Over a quarter of UK consumers wait for sales to shop, IMRG research finds


Over one in four people (27%), the UK online retail association, and digital insights company Toluna.

A further 30% said the type of product influences whether they are likely to wait for an event like BlackFriday, with price range highlighted as a strongly determining factor. While 90% of respondents had paid full price for an item below £10 in the past year, just 60% had paid full price for an item below £50 and only 40% for an item above £100.

UK shoppers are also becoming more sceptical of sales, with 29% saying they respect brands that don’t get involved in events like Black Friday. In addition, 61% say they don’t trust the discount claims made by brands that do participate in major sales events.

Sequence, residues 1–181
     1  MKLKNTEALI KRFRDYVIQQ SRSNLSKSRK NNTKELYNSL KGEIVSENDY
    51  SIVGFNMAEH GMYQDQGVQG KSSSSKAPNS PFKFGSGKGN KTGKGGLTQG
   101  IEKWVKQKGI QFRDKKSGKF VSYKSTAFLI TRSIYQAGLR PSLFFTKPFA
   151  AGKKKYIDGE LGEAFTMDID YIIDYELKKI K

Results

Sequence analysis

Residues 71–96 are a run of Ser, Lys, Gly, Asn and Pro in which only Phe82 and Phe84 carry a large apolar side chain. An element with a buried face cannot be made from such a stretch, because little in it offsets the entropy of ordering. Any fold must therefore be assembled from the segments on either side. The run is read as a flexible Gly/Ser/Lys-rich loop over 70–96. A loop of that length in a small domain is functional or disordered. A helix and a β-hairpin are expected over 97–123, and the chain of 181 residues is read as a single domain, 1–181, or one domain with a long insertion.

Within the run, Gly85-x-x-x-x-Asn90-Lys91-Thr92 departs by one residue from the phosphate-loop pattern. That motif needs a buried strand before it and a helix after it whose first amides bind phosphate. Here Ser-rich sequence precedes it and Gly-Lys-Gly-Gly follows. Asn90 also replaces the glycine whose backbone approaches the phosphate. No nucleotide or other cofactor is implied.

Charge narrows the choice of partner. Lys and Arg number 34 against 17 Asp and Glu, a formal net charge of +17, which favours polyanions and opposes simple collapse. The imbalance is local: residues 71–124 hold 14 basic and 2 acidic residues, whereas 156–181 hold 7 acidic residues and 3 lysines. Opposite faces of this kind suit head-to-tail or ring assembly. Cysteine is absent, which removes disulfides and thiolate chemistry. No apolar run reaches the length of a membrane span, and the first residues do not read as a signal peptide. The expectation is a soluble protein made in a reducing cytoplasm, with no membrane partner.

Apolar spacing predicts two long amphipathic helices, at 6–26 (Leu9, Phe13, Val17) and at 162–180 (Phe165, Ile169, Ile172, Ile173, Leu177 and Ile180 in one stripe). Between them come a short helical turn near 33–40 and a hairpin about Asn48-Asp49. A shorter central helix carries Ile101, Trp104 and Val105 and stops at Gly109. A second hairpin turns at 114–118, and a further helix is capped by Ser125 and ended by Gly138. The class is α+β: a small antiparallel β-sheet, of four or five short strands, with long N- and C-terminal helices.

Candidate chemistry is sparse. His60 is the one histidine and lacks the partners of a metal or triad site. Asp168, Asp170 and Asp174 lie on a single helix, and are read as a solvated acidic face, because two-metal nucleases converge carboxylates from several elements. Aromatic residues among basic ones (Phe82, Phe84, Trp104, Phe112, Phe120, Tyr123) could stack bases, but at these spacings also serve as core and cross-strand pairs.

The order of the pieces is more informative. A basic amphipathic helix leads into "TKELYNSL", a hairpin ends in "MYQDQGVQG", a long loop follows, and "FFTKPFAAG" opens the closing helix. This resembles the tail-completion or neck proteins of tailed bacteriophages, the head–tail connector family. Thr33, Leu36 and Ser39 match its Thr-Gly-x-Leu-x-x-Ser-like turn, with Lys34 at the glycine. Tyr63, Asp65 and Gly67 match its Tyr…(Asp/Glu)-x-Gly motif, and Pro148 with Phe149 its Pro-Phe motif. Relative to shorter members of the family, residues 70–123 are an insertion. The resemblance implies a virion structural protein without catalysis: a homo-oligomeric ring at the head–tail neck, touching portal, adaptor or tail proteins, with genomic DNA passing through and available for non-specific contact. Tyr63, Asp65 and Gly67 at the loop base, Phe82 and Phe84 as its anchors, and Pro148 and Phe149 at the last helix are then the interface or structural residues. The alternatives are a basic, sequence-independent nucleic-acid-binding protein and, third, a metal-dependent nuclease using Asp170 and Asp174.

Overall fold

This attitude towards sales is reflected in how UK shoppers perceive value. A majority of UK shoppers (83%) say that value to them means getting a good price, while only 20% say that value means getting a discount.

More than half of UK shoppers (58%) say they will pay full price if an item is good quality, with other popular reasons for paying full price being if they really want the product (51%), or if there is a tight deadline (26%).

Paul Twite, UK MD of Toluna: “In the run-up to Black Friday, and with Christmas approaching, we partnered with IMRG to ask 1,000 UK shoppers what they think about discounting. The findings indicate shoppers are not overly motivated by ‘sales’, and show how important it is to monitor the pulse of changing consumer opinion as it evolves.”

Andy Mulcahy, editor of IMRG, said: “It’s a tricky balance for retailers – on the one hand people are saying that value to them doesn’t mean discounting, yet major discounting events have become engrained in the minds of shoppers so they expect them to happen at set times of year. It will be interesting to see if retailers can hold their nerve on the rate and scale of discounting over the Black Friday period this year, how shoppers respond and what impact it all has on peak patterns.”